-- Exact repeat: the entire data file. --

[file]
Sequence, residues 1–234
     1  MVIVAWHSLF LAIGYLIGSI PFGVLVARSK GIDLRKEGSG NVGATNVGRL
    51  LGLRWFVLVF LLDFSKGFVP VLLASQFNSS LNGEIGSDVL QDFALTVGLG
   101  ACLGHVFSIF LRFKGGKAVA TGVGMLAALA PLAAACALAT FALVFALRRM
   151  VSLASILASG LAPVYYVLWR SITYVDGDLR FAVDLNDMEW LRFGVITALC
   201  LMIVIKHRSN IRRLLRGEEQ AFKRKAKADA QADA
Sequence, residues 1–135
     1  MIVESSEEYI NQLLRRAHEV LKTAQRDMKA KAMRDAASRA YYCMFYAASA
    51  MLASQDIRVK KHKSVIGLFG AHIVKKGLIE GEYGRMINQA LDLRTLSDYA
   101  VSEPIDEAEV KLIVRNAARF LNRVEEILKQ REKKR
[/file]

Sequence, residues 1–234
     1  MVIVAWHSLF LAIGYLIGSI PFGVLVARSK GIDLRKEGSG NVGATNVGRL
    51  LGLRWFVLVF LLDFSKGFVP VLLASQFNSS LNGEIGSDVL QDFALTVGLG
   101  ACLGHVFSIF LRFKGGKAVA TGVGMLAALA PLAAACALAT FALVFALRRM
   151  VSLASILASG LAPVYYVLWR SITYVDGDLR FAVDLNDMEW LRFGVITALC
   201  LMIVIKHRSN IRRLLRGEEQ AFKRKAKADA QADA
Sequence, residues 1–135
     1  MIVESSEEYI NQLLRRAHEV LKTAQRDMKA KAMRDAASRA YYCMFYAASA
    51  MLASQDIRVK KHKSVIGLFG AHIVKKGLIE GEYGRMINQA LDLRTLSDYA
   101  VSEPIDEAEV KLIVRNAARF LNRVEEILKQ REKKR